Plans to increase to five years the terms between Scottish Parliament and local authority elections have been supported in a Holyrood committee report issued today.
The Standards, Procedures & Public Appointments Committee has backed the general principles of the Scottish Elections (Reform) Bill in its stage 1 report.
The bill proposes a number of changes to electoral practice and administration in Scotland, including that elections to the Scottish Parliament and local councils should routinely take place every five years, instead of four. The committee is satisfied that the balance of evidence supports this move, which will make clashes between elections less frequent and give more time for policy development and the delivery of an administration's programme.
Flexibility on the size of council wards, to include two and five member wards, is also provided for. While accepting this proposal, the committee calls for caution about how this flexibility is used, due to concerns over the representation and proportionality of votes cast.
The bill further introduces measures to allow 14 year olds to be added to the electoral register ahead of attaining the right to vote at 16. The committee calls on the Scottish Government to do more to ensure that young people have the opportunity to be informed about the electoral process.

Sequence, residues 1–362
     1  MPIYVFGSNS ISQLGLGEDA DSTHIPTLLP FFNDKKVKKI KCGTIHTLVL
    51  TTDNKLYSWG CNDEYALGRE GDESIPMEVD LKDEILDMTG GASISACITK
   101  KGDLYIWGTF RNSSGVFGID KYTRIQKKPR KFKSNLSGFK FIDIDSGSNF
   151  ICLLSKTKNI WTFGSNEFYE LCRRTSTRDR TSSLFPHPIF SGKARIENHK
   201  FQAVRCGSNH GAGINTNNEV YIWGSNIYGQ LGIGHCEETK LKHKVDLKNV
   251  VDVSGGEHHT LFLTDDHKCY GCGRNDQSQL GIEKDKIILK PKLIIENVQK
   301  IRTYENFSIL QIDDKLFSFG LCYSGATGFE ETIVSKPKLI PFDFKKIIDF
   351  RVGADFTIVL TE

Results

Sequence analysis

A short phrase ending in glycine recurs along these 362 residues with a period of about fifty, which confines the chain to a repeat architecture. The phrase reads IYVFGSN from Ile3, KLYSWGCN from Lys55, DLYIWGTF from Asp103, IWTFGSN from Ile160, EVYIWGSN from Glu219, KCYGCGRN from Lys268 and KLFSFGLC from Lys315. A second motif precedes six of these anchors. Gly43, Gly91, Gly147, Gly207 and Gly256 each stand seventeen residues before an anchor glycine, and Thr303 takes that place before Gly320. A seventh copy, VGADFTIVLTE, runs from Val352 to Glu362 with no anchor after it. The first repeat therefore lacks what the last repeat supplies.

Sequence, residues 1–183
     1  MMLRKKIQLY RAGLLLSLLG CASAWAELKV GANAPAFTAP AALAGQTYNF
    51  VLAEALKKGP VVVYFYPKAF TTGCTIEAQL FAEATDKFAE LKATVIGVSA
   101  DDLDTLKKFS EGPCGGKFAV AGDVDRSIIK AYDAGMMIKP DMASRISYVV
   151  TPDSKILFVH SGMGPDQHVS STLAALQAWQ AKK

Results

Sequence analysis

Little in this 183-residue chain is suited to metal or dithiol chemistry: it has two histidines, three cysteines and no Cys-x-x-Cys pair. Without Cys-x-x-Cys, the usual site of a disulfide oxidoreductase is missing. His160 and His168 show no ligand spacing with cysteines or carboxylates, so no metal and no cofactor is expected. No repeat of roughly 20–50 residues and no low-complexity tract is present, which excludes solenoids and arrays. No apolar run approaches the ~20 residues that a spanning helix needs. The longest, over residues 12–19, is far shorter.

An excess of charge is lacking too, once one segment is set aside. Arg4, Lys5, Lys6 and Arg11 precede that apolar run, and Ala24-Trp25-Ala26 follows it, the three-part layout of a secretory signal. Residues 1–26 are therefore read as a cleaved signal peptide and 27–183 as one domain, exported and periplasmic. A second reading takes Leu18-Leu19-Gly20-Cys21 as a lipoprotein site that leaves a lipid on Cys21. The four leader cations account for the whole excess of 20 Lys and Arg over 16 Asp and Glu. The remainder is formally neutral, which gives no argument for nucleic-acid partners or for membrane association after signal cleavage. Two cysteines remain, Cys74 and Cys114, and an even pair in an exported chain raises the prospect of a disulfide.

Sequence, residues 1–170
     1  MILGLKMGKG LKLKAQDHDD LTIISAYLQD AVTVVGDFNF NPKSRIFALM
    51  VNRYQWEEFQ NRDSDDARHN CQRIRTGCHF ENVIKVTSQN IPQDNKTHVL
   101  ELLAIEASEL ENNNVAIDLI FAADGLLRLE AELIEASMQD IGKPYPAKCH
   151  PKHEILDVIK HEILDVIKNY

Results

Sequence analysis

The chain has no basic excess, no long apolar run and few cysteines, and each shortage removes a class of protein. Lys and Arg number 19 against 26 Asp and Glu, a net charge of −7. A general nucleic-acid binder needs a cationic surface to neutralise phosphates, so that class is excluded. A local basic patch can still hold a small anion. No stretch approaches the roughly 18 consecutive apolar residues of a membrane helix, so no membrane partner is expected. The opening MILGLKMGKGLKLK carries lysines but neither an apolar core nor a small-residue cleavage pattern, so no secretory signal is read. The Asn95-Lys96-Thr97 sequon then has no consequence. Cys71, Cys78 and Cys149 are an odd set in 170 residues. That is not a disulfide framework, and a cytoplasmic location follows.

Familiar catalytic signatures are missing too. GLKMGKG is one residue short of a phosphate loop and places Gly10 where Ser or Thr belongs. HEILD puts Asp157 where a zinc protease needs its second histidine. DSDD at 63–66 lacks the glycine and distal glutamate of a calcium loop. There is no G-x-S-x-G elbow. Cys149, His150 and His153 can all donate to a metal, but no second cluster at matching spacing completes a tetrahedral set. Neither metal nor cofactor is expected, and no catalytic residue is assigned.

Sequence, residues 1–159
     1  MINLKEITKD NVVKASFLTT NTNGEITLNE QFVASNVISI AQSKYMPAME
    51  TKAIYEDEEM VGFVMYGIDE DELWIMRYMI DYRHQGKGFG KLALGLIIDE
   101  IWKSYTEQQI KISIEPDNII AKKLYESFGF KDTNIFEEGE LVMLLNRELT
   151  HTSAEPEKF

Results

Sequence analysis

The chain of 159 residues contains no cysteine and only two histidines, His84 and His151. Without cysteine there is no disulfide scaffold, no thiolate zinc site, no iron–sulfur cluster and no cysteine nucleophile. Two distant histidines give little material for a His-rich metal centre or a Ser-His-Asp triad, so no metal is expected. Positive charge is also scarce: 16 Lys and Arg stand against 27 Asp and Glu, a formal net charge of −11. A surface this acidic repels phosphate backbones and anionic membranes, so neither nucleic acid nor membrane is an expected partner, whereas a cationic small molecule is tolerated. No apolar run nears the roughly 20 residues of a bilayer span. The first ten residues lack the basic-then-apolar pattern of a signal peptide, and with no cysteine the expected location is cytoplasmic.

On provisions to facilitate electronic voting, potentially increasing accessibility, the committee wants the Government to ensure it hears the views of groups representing disabled people on how these changes could be best achieved.
It also believes further work should be undertaken into the so called "list order effect", the suggestion that candidates nearer the top of the ballot paper are more likely to be selected. Whilst not included in the bill, it calls for more research to be undertaken into alternatives to alphabetical ordering on the ballot paper.
Convener Bill Kidd MSP commented: “How our elections are run in Scotland has a direct impact on the engagement and participation. Everybody should feel that they are represented and can have a say in how local and national policies are running.
“The changes in this bill are clearly to be welcomed to make sure that this happens across Scotland. However, the Scottish Government must make sure that where there is flexibility on issues such as the size of council wards, the impact on representation is considered.”